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What Everyone Deserves by Dan Ackerman Release Day Review

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What Everyone Deserves by Dan Ackerman Release Day Review

Book Info

About the Author
Dan is a writer and educator who has lived in or around Wolcott, Connecticut for their entire life. They received their BSED from CCSU in 2013 and is currently writing their Master's thesis on representation of women in same-sex relationships in contemporary Spanish literature and cinema.
Publication Date
November 01, 2016
In this 1950s period drama, Junius is a New York City fertility demon with a crush. Ever since falling from heaven he's been alone. Except for the mothers and children he watches over.

James Kelly Rosenburg, a black soldier with snowflakes in his hair, walks right into his life with a big problem. James Kelly, turned vampire during the war, is new to New York and its prohibition against vampire killing in city limits.

Junius offers to teach him to overcome his bloodthirsty instincts and live a proper Manhattan life. Their growing friendship leaves them both conflicted as they explore a city both welcoming and alienated by their kind.

Editor review

1 review
My heart needs some time to recover from this one...
Cover – Perfect!
POV – 3rd person, one character POV
Would I read it again – Yes!
Genre – Paranormal, LGBT, Alt. History, Period, 1950's


Wow! Initially, the blurb and intriguing cover caught my attention, but I'll admit I was a little nervous about starting it. I'm not really a historical reader, unless it's crime or archaeology based and even then there are very few periods that I've read and enjoyed (1800's, 20's etc) but I promised myself that I'd be adventurous since it sounded just way too good to miss out on.

I wasn't wrong. The attention to detail within the historical element was perfect. Not too overpowering, not incorrect or exaggerated, as often happens. It was like taking a snippet of 1950's life and making it real. Only, adding demons, vampires and supernatural creatures, obviously.

Quite honestly, I normally make at least 2 dozen notes while I'm reading, so that I can point out various aspects of the story with accuracy when it comes to writing my review. I didn't do that here. I was too engrossed in the story to highlight or note anything other than the brilliant pieces of dialogue that made me melt. Because that's what this book did. I came in a little nervous, unsure of what I'd get, but with a whole lot of expectations. The story made it all pointless. There was nothing to be nervous about. And my expectations? Blown away! It was absolutely nothing like I'd thought and everything I didn't realise I'd wanted.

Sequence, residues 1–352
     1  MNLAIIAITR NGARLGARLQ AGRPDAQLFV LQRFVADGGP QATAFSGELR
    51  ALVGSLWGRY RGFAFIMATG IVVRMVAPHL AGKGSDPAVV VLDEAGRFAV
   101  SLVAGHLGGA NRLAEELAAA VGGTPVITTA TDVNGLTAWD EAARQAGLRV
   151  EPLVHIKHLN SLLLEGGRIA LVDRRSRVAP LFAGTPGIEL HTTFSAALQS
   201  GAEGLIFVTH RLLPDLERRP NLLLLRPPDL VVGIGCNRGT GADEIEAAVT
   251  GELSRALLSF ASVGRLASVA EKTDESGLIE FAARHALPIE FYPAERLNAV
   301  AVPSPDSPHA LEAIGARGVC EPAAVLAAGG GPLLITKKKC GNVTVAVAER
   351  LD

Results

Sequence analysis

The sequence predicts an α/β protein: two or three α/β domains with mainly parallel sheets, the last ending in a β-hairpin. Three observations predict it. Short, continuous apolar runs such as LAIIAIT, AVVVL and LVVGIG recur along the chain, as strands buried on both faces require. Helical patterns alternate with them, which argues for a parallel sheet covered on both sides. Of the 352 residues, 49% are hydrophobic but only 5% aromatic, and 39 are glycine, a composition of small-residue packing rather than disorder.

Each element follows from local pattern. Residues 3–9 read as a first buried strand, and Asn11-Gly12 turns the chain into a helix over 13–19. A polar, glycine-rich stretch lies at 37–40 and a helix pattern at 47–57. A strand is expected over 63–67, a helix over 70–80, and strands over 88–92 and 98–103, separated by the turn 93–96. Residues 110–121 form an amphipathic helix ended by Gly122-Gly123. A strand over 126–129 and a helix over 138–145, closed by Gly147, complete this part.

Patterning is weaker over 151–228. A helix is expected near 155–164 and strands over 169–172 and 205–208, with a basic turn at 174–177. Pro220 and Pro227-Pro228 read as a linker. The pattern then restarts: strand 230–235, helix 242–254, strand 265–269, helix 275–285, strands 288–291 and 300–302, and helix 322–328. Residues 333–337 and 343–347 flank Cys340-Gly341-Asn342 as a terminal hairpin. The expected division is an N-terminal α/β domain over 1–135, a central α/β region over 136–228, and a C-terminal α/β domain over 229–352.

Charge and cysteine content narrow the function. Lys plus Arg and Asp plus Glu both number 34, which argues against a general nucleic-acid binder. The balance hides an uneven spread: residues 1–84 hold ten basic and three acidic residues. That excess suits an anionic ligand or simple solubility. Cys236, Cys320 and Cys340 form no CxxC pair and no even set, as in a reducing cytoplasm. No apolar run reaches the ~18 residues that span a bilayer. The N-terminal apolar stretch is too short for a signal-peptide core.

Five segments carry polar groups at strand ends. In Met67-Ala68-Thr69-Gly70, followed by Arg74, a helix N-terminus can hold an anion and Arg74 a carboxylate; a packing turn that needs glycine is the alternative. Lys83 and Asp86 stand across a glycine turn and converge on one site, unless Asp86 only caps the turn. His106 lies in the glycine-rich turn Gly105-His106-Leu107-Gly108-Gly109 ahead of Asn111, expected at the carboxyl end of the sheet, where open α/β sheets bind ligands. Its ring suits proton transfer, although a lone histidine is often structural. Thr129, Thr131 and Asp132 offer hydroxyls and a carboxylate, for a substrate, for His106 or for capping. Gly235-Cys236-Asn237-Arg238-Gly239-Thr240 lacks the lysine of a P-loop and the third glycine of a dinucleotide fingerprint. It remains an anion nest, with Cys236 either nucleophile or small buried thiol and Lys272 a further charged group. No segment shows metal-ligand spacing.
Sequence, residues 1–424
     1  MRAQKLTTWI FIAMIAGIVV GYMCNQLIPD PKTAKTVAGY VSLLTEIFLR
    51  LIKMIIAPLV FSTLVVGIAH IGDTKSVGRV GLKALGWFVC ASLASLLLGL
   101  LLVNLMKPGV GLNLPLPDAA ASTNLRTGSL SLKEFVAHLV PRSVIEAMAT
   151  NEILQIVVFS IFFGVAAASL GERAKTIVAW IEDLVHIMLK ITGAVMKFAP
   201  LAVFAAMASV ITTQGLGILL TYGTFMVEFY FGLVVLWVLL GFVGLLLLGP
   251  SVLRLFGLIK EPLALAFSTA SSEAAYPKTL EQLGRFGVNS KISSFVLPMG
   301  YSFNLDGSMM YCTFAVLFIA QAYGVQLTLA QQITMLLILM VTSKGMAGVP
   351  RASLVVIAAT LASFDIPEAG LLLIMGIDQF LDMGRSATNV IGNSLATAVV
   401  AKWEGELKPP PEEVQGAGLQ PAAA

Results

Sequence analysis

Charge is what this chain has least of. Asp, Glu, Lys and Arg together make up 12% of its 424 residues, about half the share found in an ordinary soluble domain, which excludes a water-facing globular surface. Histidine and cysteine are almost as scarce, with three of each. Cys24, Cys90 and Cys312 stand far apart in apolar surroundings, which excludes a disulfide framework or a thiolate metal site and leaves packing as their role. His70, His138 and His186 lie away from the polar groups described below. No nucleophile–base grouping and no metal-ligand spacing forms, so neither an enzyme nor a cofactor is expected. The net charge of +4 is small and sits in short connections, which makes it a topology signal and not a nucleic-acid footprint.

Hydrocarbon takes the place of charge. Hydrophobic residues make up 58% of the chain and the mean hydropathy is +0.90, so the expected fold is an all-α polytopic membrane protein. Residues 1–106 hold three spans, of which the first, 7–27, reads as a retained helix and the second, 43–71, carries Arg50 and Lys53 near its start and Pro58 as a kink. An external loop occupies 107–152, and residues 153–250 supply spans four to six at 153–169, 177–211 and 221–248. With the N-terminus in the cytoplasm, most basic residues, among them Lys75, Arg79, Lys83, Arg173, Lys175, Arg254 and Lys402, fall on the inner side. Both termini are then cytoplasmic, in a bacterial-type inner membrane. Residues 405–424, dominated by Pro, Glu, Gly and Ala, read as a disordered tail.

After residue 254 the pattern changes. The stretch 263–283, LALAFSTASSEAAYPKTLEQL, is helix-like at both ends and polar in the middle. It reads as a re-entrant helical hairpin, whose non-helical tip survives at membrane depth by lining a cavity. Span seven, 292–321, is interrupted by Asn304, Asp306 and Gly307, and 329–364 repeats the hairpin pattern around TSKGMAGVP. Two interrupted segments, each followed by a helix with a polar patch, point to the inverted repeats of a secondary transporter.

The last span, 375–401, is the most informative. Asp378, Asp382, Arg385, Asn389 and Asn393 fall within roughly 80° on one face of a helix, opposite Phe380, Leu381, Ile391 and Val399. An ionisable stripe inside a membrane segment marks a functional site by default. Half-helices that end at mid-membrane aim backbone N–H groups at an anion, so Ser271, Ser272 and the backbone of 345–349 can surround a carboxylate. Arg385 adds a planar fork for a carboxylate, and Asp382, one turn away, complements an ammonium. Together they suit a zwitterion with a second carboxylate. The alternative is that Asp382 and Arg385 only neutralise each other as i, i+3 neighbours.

June was the perfect MC. Not only for giving us his POV but also to be focused on in every aspect. I loved the little moments when he pottered with his plants, when he made herbal concoctions, when he held babies and helped people. They were, perhaps, some of the most normal and relatable moments in the story, but they also gave us a deep insight into who June was, at heart. The only times his golden heart was made more clear to me was when he was with Satan. Their interactions made my heart melt.

Honestly, I spent about 80% of the story wanting to give June a huge hug and keep him safe, half wishing he'd get James Kelly as he wanted and half wishing that he'd give it all up and end up madly in love with Satan instead. (I know, I'm weird that way) Then there was Kaveon! Ugh, I wanted to murder him for hurting June and smack James Kelly, then give him a shake to wake him up.


Overall, I got way too attached to this book. Well, to June in particular. He just stole my heart very early on and never gave it back. His interactions with James Kelly kept me on the edge of my seat, because JK is such a prickly customer. And the way he was with babies! I loved that we got to see June at work so much. It was adorable.

Although the story deal with some real 1950's issues – discrimination, homophobia, interracial couples and hate crimes – it did it in a way that perfectly suited the characters and the story. Again, it wasn't over-exaggerated or made into something it wasn't, but it wasn't swept under the rug either.

There was no explicit sex, but a few references and hints to it, but I loved that. This isn't a book that needed sex in any form to bolster it. It didn't need anything but what it had. Heart, compassion, friendship and the whole will-they-wont-they story of June and James Kelly.

It was pretty perfect and very satisfying to read. That last page just left me with enough questions, but even more answers, so that I was perfectly happy to believe they could go on and have their HEA without the need for me to see it or know it.


Favourite Quote

“It did not hurt, he realized, to be insulted, it hurt because James Kelly had been the one to do it and June had been holding out with the idiotic hope that although they would never be anything more, that they could have at least been friends.”

““You deserve what everyone deserves.”
“What's that?”
“To be with someone who you care about, who cares about you, and neither of you makes each other do things you don't want to do.””
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